PHOENIX — Arizona Attorney General Tom Horne pleaded no contest to a
misdemeanor hit-and-run charge filed after FBI agents apparently trailing him in
a campaign finance case saw him back into a parked SUV while driving a borrowed
car, his office said Wednesday.
Horne issued a statement saying he paid a $300 fine. He also said if he had
known he had damaged the Range Rover he would have left a note for the vehicle’s
Horne’s case in Phoenix City Court had been repeatedly delayed as his lawyer
took depositions from the FBI agents and asked a judge to throw the case out for
selective prosecution. They alleged the minor damage would normally not prompt a
FBI reports released by Phoenix police when charges were filed in October said
he left the scene because he was having an affair with a female employee who was
in the car and he didn’t want their relationship to be reported. Horne has
declined comment on allegations of an affair and repeatedly said he didn’t know
he had caused any damage.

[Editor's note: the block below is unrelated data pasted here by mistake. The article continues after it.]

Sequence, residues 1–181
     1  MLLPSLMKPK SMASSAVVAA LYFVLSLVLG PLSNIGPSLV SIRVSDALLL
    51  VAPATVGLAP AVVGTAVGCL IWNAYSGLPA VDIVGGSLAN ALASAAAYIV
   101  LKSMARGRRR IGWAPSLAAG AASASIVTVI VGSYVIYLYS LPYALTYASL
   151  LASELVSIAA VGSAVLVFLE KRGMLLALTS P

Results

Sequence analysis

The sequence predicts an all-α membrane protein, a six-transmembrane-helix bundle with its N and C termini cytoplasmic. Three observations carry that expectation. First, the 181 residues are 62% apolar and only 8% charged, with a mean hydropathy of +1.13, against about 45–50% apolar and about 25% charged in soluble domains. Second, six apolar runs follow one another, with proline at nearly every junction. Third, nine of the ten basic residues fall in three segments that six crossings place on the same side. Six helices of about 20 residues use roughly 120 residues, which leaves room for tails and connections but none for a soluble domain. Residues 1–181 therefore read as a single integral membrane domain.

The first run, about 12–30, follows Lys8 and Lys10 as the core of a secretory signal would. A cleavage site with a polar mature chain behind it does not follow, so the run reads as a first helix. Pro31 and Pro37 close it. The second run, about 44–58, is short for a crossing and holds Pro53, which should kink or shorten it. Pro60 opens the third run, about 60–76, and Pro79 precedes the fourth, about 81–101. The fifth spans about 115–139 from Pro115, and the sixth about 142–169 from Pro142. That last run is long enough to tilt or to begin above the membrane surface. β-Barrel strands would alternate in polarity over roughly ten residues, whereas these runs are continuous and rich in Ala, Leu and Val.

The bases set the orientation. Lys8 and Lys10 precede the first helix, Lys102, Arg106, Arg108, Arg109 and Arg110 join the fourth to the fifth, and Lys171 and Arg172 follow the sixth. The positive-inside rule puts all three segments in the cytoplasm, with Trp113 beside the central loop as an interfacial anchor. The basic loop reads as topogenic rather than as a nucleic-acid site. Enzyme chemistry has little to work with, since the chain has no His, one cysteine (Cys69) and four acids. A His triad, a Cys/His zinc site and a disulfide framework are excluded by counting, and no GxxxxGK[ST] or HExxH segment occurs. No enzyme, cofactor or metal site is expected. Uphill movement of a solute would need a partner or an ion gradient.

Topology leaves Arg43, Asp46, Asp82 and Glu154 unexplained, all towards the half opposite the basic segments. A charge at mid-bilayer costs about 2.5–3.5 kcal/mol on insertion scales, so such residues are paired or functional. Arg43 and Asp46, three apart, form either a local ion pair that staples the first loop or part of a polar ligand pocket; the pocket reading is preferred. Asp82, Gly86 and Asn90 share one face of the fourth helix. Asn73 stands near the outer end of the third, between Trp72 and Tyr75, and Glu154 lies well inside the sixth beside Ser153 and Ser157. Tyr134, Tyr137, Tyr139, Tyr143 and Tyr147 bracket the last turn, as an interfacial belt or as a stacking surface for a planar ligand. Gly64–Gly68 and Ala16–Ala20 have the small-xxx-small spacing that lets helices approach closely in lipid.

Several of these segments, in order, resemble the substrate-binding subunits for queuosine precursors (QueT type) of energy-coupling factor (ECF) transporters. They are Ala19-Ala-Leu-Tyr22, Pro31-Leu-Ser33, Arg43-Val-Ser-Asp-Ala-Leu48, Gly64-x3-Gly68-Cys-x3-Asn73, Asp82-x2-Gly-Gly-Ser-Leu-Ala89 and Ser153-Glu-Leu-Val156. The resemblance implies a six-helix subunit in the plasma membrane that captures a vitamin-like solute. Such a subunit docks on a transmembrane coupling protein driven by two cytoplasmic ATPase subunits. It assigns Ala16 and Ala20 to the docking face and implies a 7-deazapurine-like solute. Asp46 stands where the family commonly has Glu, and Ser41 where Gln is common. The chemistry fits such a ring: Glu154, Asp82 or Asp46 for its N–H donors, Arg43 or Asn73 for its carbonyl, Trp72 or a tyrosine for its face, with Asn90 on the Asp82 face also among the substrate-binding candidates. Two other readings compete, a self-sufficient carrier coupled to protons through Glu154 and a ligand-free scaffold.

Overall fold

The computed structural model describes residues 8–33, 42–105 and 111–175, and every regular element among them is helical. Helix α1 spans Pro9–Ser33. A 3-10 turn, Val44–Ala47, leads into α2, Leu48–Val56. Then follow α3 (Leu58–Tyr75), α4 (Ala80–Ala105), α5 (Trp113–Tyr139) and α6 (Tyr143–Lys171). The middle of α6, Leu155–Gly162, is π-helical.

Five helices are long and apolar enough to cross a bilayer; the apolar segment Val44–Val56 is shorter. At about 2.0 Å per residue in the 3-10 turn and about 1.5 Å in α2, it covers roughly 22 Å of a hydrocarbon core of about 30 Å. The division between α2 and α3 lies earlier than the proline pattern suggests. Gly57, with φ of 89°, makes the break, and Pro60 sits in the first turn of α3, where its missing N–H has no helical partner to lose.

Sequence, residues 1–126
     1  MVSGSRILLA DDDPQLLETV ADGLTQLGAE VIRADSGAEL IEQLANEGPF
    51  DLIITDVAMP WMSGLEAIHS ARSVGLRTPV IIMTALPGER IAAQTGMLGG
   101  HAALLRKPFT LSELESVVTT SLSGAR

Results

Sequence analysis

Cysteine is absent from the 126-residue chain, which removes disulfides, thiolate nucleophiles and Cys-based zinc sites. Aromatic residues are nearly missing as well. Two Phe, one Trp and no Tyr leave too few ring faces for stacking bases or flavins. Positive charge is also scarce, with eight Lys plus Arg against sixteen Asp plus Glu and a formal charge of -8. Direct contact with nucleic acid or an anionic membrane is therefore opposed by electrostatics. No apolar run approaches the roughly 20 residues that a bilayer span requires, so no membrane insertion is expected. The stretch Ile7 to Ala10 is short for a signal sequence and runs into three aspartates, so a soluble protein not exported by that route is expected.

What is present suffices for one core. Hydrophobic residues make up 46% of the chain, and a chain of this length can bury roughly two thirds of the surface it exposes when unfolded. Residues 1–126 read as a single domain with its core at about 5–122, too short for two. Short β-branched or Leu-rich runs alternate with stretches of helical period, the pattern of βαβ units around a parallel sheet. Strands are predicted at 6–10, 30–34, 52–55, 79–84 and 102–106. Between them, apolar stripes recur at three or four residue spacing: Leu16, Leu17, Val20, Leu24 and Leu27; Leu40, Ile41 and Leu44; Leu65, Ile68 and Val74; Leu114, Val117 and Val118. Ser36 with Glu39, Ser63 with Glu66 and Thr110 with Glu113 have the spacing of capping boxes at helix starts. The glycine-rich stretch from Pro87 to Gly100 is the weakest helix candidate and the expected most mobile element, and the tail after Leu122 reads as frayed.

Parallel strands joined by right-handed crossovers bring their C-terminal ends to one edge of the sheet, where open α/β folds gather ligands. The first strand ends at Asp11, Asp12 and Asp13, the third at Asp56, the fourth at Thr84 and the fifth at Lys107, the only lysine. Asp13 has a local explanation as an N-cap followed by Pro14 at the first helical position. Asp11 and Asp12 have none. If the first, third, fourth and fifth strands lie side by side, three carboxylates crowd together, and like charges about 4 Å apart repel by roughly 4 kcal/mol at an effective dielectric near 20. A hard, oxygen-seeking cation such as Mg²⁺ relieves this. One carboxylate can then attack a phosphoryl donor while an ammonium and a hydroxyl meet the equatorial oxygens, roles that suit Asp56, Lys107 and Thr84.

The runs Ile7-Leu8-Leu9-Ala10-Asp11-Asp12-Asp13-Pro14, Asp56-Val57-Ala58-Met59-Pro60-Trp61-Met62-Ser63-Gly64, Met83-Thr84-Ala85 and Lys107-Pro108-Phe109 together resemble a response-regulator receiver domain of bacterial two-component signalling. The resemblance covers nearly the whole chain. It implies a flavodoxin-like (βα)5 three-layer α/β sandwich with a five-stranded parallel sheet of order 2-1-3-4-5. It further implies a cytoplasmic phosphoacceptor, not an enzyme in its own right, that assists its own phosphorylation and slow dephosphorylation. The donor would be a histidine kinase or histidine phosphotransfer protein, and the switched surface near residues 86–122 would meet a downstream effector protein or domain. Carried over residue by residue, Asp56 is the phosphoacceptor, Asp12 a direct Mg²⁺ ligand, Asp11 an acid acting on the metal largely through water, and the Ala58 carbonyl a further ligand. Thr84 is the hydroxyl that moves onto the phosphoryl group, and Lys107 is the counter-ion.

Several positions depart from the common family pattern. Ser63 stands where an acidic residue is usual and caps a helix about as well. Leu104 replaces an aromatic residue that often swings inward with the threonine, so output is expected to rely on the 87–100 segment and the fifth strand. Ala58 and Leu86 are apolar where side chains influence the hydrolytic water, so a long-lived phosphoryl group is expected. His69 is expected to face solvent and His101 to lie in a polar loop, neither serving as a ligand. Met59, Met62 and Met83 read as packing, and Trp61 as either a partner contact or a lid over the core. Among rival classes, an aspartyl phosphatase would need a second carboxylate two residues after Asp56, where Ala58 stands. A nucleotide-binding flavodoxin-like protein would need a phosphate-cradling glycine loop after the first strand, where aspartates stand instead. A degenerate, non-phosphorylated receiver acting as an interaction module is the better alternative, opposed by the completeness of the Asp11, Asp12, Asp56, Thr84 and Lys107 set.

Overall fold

He repeated the part about not causing damage Wednesday.
“Had I known there were scratches, I would have left my name and contact
information so that I could have taken care of this personally,” his statement
Horne’s office released the statement announcing the plea just before 5 p.m.
Horne has been set for trial before a judge on May 28.
The agents who were following Horne in March 2012 had apparently been doing so
during the course of a campaign finance investigation, although agents
interviewed by Horne attorney Michael Kimerer refused to say that was the case.
The FBI waited seven months before notifying Phoenix police, until after the
Maricopa County attorney’s office filed civil charges in the campaign finance
case. They also declined to explain that delay, Kimerer said in February.
Kimerer could not immediately be reached for comment Wednesday evening, but he
previously said the way the FBI pursued the case showed they “were just rabid
to get him.”
Just last week, a Maricopa County Superior Court judge blocked the county
attorney from pursuing the campaign finance case filed against Horne. The judge
ruled the Secretary of State violated procedure by not sending the case to Horne
himself for review.
Horne and current aide Kathleen Winn were accused of illegally coordinating
outside hundreds of thousands of dollars in campaign spending for Horne during
his 2010 campaign.
The case is now back with Secretary of State Ken Bennett. Bennett spokesman
Matt Roberts said this week that he plans on complying with the judge’s order
and sending the case to Horne.
Horne is expected to declare a conflict of interest and refer the campaign
finance case to another outside prosecutor.